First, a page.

Photo courtesy: baileyrichert.com, virtualsummitexpo.com, milana.com, virtualsummits.co.uk
For long period Navid Moazzez was one of the most known thought leaders in virtual summit industry. His status of the most known could be disputed but I’ve not encountered any other expert endorsed by a bestselling author in a major publication. There are lots of other articles out there dedicated to him by less known authors. As well as articles by him and students’ references with big numbers (like Chandler Bolt’s $370,000 I wrote about earlier).
But recently Navid disappeared from public space:
- He stopped grabbing e-mails of new prospects via lead magnet.
- All the invitation links to download lead magnet are longer valid.
- Last time he wrote about Virtual Summit Mastery course in his social accounts in October 2017. He announced filming video in 4K for upgrading his course. But for months there is no news about it.
Does anybody know what happened to Navid Moazzez and why there is no news about virtual summits from his side?
Of course, there could be plenty of personal reasons. And we probably will not get to know them. But could something inside the industry be the reason? Studying it I got only one hypothesis and here I dive into it deeper.
Are virtual summits dead?
This subtitle could appear bizarre and inappropriate.
How could it be the case that virtual summits are dead?
The reason why I paid my attention to this claim is well-respected players claiming exactly that point:
- Pat Flynn (Smart Passive Income) answered a question at his website with a claim that virtual summits are in decline. Why? Because there are so many summits out there. Thus listeners become somewhat bored at yet another summit and it is more difficult to hire speakers at your summit.
- Wendy Kier, an expert from the UK claims virtual summits are dead because technologies have advanced and we are able to host online live conferences. We were not able to use them earlier but now we can have our audience engaged like never before. It is interesting that claiming technologies Wendy means namely software. But when it comes to hardware she films her videos in 720p resolution or even 360p.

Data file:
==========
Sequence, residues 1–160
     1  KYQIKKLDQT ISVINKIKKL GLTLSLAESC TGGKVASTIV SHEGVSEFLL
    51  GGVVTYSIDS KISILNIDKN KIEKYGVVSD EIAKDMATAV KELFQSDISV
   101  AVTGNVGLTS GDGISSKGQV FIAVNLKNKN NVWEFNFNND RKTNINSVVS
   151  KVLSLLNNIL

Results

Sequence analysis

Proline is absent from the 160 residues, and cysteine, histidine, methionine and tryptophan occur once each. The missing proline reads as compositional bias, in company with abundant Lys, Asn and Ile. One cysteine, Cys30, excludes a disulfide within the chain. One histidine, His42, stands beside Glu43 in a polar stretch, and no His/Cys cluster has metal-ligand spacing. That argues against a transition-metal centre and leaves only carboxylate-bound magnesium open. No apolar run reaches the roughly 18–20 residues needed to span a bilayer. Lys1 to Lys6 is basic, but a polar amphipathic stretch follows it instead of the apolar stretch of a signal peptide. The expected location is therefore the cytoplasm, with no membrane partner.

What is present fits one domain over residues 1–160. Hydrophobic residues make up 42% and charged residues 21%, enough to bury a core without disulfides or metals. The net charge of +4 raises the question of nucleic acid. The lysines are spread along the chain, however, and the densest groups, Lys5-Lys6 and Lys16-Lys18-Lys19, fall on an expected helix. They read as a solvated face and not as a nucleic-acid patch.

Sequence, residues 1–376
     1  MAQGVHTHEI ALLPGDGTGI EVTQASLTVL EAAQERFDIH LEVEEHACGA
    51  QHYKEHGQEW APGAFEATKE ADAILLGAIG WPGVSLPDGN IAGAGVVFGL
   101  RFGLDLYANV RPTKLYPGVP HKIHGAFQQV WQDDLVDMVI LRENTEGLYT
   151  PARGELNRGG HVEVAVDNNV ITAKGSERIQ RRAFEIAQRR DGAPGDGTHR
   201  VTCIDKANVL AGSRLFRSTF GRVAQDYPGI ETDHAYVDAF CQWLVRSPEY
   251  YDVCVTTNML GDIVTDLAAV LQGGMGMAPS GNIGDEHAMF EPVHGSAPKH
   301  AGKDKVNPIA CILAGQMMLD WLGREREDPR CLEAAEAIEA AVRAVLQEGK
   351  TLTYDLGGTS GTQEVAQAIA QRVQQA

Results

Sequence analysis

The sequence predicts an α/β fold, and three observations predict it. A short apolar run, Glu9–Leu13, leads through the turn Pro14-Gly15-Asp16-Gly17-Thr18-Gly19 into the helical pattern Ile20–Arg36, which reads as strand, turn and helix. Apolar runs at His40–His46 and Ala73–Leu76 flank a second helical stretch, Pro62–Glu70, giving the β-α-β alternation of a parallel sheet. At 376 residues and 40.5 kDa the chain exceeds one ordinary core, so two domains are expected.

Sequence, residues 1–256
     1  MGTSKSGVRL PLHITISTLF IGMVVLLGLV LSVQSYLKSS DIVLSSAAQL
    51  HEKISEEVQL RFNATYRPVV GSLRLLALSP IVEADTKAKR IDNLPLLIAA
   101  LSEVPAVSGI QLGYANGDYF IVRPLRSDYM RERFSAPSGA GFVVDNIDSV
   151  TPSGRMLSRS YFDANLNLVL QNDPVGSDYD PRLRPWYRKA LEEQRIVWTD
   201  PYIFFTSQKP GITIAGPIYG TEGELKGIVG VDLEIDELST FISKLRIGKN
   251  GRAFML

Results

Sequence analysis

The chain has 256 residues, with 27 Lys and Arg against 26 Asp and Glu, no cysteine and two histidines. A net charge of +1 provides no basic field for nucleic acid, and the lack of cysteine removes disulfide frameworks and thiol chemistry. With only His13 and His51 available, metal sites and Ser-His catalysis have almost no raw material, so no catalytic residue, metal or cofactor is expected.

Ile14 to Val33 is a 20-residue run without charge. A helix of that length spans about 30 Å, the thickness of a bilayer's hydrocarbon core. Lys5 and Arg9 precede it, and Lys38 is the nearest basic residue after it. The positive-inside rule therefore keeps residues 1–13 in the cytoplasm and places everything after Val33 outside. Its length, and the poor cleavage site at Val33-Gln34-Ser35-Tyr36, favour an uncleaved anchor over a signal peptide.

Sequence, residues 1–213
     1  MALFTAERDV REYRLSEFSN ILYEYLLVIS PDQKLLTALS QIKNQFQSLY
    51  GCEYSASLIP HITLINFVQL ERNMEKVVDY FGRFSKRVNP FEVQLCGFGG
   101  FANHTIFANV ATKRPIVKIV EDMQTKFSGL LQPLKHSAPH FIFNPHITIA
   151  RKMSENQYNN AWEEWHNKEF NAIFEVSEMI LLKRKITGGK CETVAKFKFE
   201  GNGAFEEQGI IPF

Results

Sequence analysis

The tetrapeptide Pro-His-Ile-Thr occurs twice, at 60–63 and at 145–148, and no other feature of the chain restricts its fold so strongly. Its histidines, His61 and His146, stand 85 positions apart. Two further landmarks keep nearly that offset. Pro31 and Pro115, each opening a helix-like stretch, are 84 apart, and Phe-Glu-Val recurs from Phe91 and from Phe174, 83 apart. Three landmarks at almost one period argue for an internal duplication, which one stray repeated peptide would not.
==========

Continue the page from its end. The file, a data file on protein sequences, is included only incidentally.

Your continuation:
- Milana Leshinsky calls virtual summits dead because of a low quality of average virtual summits. But she admits that claiming virtual summits are dead is like claiming that events or even collaboration, in general, are dead. That is weird of course, she concluded. Thus a claim changes from ALL virtual summits being dead to only BAD ones. But weren’t bad summits really alive? Imagine anybody who failed a summit. Could he make him/herself interested in spending another 3+ months in preparing the second try? Will listeners or affiliates pay attention to a summit of that person?
- Though Wendy and Milana admit that their claim is mostly marketing, commenters of Milana’s post agree with her that summits are dead. They confirm that spending so much time to get information is exhausting and share their negative hosting experience.
I failed to find exact numbers of virtual summits held in different years. This fact is not a surprise though. To follow and count all the figures requires huge effort with little use of the knowledge. And evirtualsummits.com is no longer representative.